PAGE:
The judge said he had “serious doubts” about the effectiveness of the telephone record-collection program in aiding time-sensitive terrorism investigations. As a result, he said, the plaintiffs showed their privacy interests likely outweighed the government’s interest in the data.

“I cannot imagine a more ‘indiscriminate’ and ‘arbitrary invasion’ than this systematic and high-tech collection and retention of personal data on virtually every single citizen for purposes of querying and analyzing it without prior judicial approval,” Leon wrote.

Leon dismissed the government’s argument that the 1979 Supreme Court case Smith v. Maryland — which involved the warrantless use of a “pen register” — permitted the bulk collection of telephone metadata. (The authorities use pen registers to record dialed numbers.)The judge said he was “convinced that the surveillance program now before me is so different from a simple pen register that Smith is of little value in assessing whether the Bulk Telephony Metadata Program constitutes a Fourth Amendment search.”

“To the contrary,” Leon wrote, “I believe that bulk telephony metadata collection and analysis almost certainly does violate a reasonable expectation of privacy.”

Leon said the technology that enabled the government to store and analyze the metadata of every telephone user in the United States “is unlike anything that could have been conceived in 1979.” The judge added that the amount of information contained in phone records today is greater as well. He said he could no longer use “as my North Star a case that predates the rise of cell phones.”Klayman isn’t the only plaintiff fighting the NSA in court. As his case moves toward a likely appeal, lawsuits are pending in several federal trial courts. On Nov. 22, U.S. District Judge William Pauley III in New York heard arguments in one of those cases, American Civil Liberties Union v. Clapper. Pauley, according to press reports, expressed skepticism over the notion that Congress — in reauthorizing the Patriot Act — knew it had approved the bulk collection of billions of phone records.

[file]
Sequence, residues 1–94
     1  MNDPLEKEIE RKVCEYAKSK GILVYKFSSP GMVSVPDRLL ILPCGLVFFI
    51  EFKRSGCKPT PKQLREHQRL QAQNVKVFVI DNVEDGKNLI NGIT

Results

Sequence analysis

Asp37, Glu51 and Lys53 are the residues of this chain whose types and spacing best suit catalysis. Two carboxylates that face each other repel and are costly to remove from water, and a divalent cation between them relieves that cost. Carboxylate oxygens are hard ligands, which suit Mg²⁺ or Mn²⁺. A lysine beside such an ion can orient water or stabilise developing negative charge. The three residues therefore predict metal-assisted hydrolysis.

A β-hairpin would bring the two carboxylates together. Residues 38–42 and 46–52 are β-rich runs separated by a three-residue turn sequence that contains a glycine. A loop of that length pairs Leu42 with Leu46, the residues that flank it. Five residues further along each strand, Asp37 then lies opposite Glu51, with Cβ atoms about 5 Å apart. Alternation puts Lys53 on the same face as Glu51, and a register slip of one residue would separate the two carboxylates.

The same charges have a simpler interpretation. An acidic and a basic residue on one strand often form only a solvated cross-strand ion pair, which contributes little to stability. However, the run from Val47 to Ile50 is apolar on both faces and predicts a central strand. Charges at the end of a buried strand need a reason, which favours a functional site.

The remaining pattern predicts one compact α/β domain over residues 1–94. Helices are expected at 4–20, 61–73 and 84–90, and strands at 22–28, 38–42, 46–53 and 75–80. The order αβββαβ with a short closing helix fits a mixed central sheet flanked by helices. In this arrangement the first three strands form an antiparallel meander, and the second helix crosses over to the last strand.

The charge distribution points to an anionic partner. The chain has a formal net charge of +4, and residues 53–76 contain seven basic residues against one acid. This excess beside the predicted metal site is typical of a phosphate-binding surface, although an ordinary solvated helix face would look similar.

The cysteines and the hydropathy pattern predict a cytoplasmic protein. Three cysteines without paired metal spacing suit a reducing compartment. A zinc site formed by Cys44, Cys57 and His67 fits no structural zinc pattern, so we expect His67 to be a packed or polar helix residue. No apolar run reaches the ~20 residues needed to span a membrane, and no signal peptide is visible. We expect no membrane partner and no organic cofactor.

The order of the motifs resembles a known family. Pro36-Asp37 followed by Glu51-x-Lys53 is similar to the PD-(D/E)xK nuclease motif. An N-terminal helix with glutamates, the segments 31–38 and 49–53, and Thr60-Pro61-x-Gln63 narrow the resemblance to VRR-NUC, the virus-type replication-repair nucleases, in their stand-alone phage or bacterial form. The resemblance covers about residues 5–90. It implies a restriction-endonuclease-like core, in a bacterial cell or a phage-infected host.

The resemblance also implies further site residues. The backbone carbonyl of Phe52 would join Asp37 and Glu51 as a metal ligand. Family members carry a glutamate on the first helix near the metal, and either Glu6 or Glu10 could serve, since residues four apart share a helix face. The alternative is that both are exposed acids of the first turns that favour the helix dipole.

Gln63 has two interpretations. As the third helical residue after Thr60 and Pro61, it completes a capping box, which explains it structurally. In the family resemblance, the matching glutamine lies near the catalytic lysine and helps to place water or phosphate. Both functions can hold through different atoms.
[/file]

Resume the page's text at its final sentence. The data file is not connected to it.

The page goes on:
ACLU Deputy Legal Director Jameel Jaffer, who argued in the ACLU case, praised Leon’s ruling. “This is a strongly worded and carefully reasoned decision that ultimately concludes, absolutely correctly, that the NSA’s call-tracking program can’t be squared with the Constitution,” Jaffer said.

Other lawyers who are closely following constitutional challenges to NSA surveillance were not as convinced on the legal soundness of Leon’s conclusion.

Orin Kerr, a Fourth Amendment scholar who teaches at George Washington University Law School, wrote on The Volokh Conspiracy blog last week that Leon’s finding that Smith couldn’t apply because it came down in a precellphone era was “deeply unpersuasive.”

Regardless of what cellphones can do, Kerr said, the NSA was only collecting the basic phone data that was at issue in Smith.Still, Kerr said, an appeal could open the door to a new review by the D.C. Circuit — and potentially the Supreme Court — of how earlier Fourth Amendment cases apply to NSA surveillance programs.

“My view of Judge Leon’s decision is that it’s unpersuasive in its reasoning,” Kerr wrote, “but that it starts a conversation that might lead to some very interesting places.”

Contact Zoe Tillman at ztillman@alm.com. Mike Scarcella contributed.